You drove to go hunting in the middle of nowhere, dozens of miles from a gas station or paved road, confident you made the right decision last year when you bought your all-terrain vehicle. The electric power steering was so good that you were able to move your way over large rocks and through several muddy streams.
But now you’re stuck. Your machine has broken down and the parts are acting up. Fortunately, your pre-trip research, quick wits and all the resources at your disposal will exponentially improve your chances of survival.
Photo of ATV by Marion Doss via Flickr
Preparing To Survive
It’s easy to say, “don’t panic,” when the unthinkable happens, but this is a fundamental key to survival and often begins far before ever entering the wild. Your preparation and consideration is about to pay off.
For starters, you have an ATV survival kit which includes a diverse set of tools. Serious ATV riders who have been stranded in desolate locations knows the value of an emergency kit.
Pack a survival kit including a winch, portable air compressor, wrenches, jumper cables, a tire repair kit and extra fuel, recommends CampingATV.com. Your kit may not be identical, but chances are you've packed some, if not all, of these for your outing and now they'll become vital for getting you back home in one piece. In a best-case scenario, your kit may contain “personal survival” items including:
- aluminum foil
- water container
- fire starter, lighter and waterproof matches
- first-aid kit
- magnifying lens
- multi-tool that includes a knife blade
- nylon cord
- signal whistle
- water purification tablets
In addition, Tread Lightly! recommends bringing high-energy food, 16 to 32 ounces of bottled water per person, biodegradable toilet paper, a rain jacket, a pen or pencil, paper, a portable CB radio or cell phone, and a flashlight or high-powered penlight with a spare bulb and batteries.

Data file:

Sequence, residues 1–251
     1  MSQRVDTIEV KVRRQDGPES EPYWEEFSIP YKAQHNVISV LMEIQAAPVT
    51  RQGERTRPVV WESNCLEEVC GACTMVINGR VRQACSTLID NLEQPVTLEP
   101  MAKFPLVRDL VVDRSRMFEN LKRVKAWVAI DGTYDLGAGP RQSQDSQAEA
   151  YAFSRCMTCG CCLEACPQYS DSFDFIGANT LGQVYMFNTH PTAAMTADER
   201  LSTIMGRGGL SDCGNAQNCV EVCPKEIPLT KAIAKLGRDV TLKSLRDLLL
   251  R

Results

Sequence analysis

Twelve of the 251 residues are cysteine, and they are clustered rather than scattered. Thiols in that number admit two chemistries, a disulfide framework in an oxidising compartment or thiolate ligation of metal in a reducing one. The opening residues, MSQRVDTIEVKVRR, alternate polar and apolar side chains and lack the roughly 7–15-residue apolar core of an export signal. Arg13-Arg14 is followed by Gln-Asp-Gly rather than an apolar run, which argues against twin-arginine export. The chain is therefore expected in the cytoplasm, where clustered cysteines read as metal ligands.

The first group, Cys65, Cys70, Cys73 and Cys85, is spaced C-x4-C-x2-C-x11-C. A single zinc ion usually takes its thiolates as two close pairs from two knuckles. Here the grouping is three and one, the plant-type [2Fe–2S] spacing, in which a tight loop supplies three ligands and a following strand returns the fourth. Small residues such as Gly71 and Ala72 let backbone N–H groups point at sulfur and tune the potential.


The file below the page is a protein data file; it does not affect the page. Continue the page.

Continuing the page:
How long will you be stranded? Of course, it’s hard to know, but preparing for an extended stay in the woods is essential.
ATV Survival Tips
Surviving with your machine is easier than surviving without it, even if the vehicle isn’t working.
For starters, CampingATV.com recommends that you stay with the ATV because of its size and useful components, namely the headlight which can be double as a signaling device.
Position your ATV so it will block the cold and wind. However, you should not rely on your ATV as shelter. Building a small overnight shelter is preferable to building a larger one because a smaller shelter minimizes your body’s loss of heat as the temperature drops. The ground could also lower your body temperature. Thus, you should use leaves and/or pine needles as bedding rather than the grass.
Any extra fuel can also be beneficial. Obviously, starting a fire is important to keeping you warm, but starting more than one fire could increase the chances that you will be seen. Exercise caution when starting signal flames, as a forest fire could place you in more immediate danger than your current breakdown. The rubber compound in the tires may also create thick plumes of distress smoke and flag down potential rescue teams.
Furthermore, you may be able to salvage your Honda ATV parts by using the chain and engine to craft makeshift saws, perfect for cutting through wood you may need for your shelter or fire.
Survival is all about composure and ingenuity. Keep your wits about you, prioritize your strategy and get creative; when the engine fails, the horn may still work.